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The Sigma produces a moderate degree of barrel distortion on full format cameras. This may be visible and disturbing at times although it's far from being extreme.
The chart above has a real-world size of about 120x80cm.
Typical for ultra-large aperture lenses there's quite a bit of vignetting at max. aperture. You will likely notice this in field images. The situation eases at f/2 but you will need to stop down to f/2.8 till the problem is really well controlled.
We're performing our vignetting analysis based on
(uncorrected) JPEGs straight from the camera. The JPG engine of the Nikon D3x features a rather flat
gradation curve, thus has a moderate contrast characteristic, resulting in comparatively low vignetting figures - the
corresponding Canon figures are roughly 40% higher due to the more
aggressive default contrast setting.
The Sigma produced fairly typical resolution figures for such a lens. The lens is sharp in the image center at f/1.4 but the borders/corners are poor on full format images here. The quality increases gradually when stopping down. The center is starting to show very good results at f/2 and it's excellent from f/2.8 onwards. However, the borders/corners remain unimpressive at large apertures. You need to stop down to f/5.6 in order to get good results here and the quality barely reaches very good levels at f/8, which is also the global sweet spot of the lens.
In the field the lens has some trouble at extremely close focus distances and large aperture settings.
Below is a simplified summary of the formal findings. The chart shows line widths
per picture height (LW/PH) which can be taken as a measure for sharpness.
If you want to know more about the MTF50 figures you may check out the corresponding
Chromatic Aberrations (CAs)
Lateral chromatic aberrations (color shadows at harsh contrast transitions) are generally moderate with an average pixel width around 1.3px at the image borders. This is a good result in the full format scope and not an issue in the field for most subjects. In addition, CAs can easily be corrected in software or by the camera itself (if you shoot JPEGs and own a current Nikon DSLR).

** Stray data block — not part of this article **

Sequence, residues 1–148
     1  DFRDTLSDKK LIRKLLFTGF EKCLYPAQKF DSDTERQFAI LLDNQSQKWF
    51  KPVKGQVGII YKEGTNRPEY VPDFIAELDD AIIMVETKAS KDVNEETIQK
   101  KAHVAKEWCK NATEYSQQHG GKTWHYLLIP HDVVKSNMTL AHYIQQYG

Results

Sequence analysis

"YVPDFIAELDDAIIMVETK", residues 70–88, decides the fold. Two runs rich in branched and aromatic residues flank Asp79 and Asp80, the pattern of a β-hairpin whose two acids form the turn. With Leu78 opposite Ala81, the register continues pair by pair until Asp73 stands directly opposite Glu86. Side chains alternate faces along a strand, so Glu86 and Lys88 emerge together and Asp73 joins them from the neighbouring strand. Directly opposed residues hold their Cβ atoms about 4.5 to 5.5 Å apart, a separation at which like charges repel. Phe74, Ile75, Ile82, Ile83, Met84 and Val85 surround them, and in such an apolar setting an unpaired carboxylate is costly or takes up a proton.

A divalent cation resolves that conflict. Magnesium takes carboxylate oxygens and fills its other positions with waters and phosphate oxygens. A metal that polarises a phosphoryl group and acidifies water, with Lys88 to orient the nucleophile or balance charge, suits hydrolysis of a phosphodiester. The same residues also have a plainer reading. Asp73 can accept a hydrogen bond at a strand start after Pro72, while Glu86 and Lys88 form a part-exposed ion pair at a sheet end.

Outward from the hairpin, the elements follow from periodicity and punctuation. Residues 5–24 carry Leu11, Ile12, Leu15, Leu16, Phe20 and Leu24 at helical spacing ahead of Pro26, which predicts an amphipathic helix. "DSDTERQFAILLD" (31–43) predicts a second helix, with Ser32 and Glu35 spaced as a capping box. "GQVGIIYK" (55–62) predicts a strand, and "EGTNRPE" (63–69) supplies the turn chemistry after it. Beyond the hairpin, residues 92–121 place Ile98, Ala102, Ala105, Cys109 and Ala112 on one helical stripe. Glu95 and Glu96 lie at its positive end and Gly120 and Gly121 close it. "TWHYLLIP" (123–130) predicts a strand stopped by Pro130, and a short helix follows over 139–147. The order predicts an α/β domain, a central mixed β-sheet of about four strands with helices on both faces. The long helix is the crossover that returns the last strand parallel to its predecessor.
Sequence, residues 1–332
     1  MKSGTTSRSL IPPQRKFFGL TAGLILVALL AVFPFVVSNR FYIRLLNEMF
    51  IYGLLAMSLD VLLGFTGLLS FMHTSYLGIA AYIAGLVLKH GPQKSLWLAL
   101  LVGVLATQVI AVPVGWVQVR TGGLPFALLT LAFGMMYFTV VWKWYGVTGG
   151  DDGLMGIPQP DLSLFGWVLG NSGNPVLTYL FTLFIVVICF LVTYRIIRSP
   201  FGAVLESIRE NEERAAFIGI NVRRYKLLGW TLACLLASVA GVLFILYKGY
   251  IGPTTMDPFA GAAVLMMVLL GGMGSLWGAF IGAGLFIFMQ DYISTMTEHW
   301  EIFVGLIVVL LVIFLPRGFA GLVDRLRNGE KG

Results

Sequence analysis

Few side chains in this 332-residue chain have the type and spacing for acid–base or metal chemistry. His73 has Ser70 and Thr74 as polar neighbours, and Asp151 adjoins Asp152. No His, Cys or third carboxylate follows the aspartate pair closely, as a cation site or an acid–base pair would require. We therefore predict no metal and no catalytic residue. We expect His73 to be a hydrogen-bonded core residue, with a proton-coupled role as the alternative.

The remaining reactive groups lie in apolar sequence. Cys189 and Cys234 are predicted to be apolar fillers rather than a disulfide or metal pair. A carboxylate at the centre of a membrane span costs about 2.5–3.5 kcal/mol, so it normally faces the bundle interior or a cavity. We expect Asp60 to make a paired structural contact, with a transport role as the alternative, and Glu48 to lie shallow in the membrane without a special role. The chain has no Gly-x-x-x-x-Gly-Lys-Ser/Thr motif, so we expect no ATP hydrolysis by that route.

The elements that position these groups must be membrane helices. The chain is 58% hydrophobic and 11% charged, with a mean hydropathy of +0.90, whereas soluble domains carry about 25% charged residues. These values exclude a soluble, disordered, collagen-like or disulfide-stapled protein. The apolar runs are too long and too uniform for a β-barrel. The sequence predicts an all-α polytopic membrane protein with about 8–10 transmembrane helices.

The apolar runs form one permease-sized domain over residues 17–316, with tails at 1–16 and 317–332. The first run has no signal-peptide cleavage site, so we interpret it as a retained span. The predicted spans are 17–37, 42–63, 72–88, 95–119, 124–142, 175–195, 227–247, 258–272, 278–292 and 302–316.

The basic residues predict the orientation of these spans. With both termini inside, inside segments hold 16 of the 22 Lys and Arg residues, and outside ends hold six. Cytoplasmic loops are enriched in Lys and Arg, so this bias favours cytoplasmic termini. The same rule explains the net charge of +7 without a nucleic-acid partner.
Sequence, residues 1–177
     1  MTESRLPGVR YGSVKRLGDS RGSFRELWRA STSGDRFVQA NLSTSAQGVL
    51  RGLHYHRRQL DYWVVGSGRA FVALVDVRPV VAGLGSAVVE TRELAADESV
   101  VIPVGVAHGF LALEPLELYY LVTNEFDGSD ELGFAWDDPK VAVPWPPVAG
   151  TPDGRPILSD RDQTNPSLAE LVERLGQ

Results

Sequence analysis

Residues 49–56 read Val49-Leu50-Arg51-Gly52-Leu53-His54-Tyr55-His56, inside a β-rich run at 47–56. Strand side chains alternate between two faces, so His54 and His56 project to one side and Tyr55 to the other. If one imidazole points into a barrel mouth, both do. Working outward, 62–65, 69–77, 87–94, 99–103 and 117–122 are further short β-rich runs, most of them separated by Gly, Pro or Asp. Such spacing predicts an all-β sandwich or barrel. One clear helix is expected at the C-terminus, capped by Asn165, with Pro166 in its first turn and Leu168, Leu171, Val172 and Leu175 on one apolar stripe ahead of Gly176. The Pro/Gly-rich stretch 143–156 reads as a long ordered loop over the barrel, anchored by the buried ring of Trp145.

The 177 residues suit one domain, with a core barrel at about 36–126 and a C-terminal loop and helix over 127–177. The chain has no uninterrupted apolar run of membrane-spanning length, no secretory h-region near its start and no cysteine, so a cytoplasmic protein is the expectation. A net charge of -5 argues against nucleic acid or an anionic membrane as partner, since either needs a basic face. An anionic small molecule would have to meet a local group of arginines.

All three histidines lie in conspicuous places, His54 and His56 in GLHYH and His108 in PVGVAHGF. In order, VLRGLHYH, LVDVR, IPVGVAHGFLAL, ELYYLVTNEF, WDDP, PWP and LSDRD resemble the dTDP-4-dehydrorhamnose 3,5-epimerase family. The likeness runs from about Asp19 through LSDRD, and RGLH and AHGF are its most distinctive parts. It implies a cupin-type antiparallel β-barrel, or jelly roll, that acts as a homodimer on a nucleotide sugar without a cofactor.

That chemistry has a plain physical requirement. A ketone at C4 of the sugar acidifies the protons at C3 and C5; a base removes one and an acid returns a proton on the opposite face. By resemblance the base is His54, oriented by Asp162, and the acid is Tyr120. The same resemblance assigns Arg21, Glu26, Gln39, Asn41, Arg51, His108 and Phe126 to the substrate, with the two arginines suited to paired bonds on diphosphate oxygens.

The quality of the bokeh (out-of-focus blur) is a primary aspect for such a large aperture lens. The Sigma can produce good results but it has some flaws here. The background blur is smooth and buttery but the foreground can be very nervous at large apertures.
The rounded aperture shape in out-of-focus highlights remains pretty much intact all the way up to f/4 - that's in the center. In the image corners the disc deteriorate towards a "cat's eye" characteristic due to mechanical vignetting, which is, to be fair, quite normal.
In summary, though, the lens shows very good bokeh quality for a 50mm prime lens.
Bokeh fringing is a common issue with relatively fast glass. It's visible as halos of different colors in out-of-focus areas - magenta (red + blue) in front of the focus point and green beyond.
The Sigma does a comparatively good job here though. The problem is visible but although not overly disturbing at f/1.4 and from f/2.8 onwards it is usually not field-relevant anymore.
Please note that we've to use a fairly close focus setting for these tests. As mentioned the lens has some softness issues in such a scenario which is why the sample crop doesn't look overly impressive at f/1.4 and f/2.
Upon closer observation you may notice that the focus shifts quite a bit towards the back when stopping down ("Residual spherical aberrations").
Move the mouse cursor over the f-stop marks below to observe the respective bokeh fringing